Lavender Tea Milk Punch: A Libation to Toast the Returning Light

img_3257

It’s that magical time of the year—halfway between the Winter Solstice and the Spring Equinox—when we start to consider the returning light and warmer, softer days. The seeds in the earth are stirring and in some parts of the world (like ours) snowdrops are up and daffodils are already starting to peep through the soil. For my ancient ancestors, February was a time of great anticipation for the coming growing season. To ensure bountiful crops, productive livestock and healthy mothers and babes, they practiced fertility and purification rites—many of them featuring milk. Why, the Gaelic festival of Imbolc/Imbolg (Feb 1-4) has milk right in its name.

In light of the academic controversy that ultimately surrounds the term for this festival, the distinguished linguist Eric Hamp has conclusively proven that the second syllable for Imbolg can be traced to the Old Irish words for “milk” and “milking” which, in turn, was derived from the Proto-Indo-European root-word *Hmelǵ– signifying “purification”…Rekindling the Rites of Imbolg, W. MacMorrighan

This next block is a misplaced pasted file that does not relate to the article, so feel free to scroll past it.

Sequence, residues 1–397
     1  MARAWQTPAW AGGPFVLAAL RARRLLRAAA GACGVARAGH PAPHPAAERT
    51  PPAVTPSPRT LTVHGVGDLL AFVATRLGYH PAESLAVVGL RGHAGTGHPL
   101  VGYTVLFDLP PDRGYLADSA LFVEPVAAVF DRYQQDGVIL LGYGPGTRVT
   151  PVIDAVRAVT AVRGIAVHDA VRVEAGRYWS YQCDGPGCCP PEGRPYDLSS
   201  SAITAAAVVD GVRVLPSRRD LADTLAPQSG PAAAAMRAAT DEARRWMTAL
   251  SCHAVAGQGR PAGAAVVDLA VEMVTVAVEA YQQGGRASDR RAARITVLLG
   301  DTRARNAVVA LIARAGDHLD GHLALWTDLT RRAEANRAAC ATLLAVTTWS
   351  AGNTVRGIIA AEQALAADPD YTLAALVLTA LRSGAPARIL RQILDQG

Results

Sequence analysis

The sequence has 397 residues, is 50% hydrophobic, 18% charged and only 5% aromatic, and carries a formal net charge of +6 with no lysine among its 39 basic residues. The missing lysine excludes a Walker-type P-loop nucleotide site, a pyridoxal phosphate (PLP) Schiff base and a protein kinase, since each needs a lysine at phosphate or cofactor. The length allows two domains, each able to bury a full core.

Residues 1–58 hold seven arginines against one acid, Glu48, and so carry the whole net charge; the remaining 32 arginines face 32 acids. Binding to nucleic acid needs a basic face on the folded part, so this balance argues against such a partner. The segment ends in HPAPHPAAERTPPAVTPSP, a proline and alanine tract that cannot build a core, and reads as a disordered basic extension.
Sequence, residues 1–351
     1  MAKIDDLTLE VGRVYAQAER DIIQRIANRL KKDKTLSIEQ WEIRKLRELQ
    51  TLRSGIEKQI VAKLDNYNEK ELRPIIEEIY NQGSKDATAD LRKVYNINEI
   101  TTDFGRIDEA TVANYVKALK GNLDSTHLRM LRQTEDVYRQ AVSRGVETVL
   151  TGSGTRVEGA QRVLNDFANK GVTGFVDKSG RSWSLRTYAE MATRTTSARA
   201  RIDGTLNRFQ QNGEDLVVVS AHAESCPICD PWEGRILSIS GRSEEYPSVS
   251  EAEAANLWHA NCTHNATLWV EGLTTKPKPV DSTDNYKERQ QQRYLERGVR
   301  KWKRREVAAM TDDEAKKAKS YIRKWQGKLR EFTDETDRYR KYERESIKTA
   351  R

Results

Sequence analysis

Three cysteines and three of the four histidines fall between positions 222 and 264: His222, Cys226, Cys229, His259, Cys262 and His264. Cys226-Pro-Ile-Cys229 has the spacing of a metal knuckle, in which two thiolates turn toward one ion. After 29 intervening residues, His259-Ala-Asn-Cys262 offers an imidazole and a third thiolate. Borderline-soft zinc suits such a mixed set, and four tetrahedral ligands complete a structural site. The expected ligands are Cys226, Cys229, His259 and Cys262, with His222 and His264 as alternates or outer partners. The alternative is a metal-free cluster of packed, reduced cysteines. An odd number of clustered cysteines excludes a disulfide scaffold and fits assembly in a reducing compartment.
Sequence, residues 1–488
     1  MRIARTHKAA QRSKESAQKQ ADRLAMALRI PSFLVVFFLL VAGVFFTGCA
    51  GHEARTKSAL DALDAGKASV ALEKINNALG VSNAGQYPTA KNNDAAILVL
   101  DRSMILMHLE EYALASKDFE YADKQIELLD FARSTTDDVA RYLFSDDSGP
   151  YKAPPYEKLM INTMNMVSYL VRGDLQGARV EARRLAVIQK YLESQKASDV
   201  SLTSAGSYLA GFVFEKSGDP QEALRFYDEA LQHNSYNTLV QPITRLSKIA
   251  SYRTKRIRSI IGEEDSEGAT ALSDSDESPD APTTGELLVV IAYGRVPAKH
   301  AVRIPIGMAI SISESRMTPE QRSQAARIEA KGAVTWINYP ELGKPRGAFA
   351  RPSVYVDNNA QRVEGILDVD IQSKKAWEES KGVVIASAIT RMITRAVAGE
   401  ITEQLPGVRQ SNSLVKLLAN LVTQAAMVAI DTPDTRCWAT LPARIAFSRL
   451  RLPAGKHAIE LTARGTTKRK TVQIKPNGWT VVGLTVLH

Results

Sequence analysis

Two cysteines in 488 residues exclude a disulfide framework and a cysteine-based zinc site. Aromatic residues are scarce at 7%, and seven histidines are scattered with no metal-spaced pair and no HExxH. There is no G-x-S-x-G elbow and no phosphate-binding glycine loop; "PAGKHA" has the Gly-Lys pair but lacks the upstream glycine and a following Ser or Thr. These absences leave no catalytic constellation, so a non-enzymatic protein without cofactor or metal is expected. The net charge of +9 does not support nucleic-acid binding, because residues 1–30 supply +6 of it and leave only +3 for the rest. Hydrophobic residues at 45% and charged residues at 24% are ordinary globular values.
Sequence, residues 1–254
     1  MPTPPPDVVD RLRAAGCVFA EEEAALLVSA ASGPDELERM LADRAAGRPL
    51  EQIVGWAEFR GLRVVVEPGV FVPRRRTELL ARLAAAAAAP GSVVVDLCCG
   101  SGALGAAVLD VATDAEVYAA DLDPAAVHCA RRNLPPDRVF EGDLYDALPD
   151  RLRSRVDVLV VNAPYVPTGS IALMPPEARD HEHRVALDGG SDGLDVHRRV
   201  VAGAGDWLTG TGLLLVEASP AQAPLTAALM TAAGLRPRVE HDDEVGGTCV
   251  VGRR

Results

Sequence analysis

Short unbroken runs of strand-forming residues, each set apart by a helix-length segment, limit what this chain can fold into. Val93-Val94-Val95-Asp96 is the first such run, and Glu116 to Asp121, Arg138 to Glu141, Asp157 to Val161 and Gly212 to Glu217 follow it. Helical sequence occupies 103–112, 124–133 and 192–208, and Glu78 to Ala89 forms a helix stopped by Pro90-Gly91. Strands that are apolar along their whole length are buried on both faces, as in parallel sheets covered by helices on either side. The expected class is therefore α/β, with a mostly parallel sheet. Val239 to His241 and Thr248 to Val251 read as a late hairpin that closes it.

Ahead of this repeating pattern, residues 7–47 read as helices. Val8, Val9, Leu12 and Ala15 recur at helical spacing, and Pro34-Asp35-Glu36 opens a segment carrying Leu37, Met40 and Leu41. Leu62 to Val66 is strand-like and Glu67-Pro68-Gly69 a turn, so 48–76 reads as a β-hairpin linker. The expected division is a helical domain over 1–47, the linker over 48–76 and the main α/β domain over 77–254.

Milk played an important role in these rites. It symbolized new life and so was considered sacred and pure. I imagine it was also dear. It seems unlikely to me that ancient peoples actually drank much milk. It would have been difficult to store and milk production was tied to the seasons. I reckon they made butter, cheese, yogurt, etc and possibly saved the milk drinking for ceremonies or for offerings to goddesses—particularly fertility goddesses.  Brighid, the mother/sun goddess associated with Imbolc, has a close association with milk. Legend has it that she was nourished exclusively on milk from an Otherworldly red heifer. Even post-sainthood, St. Brigid was considered a protector of herds and a producer of milky miracles. Pre-Christian and Christian worshippers of Brighid/St Brigid relied on the goddess/saint to bless and protect the milk supplies of their herds and the new mothers in their communities. Of course there’s a whole lot more to Brighid/Brigid than an affinity for dairy—like fire, poetry, herbs, healing…for starters.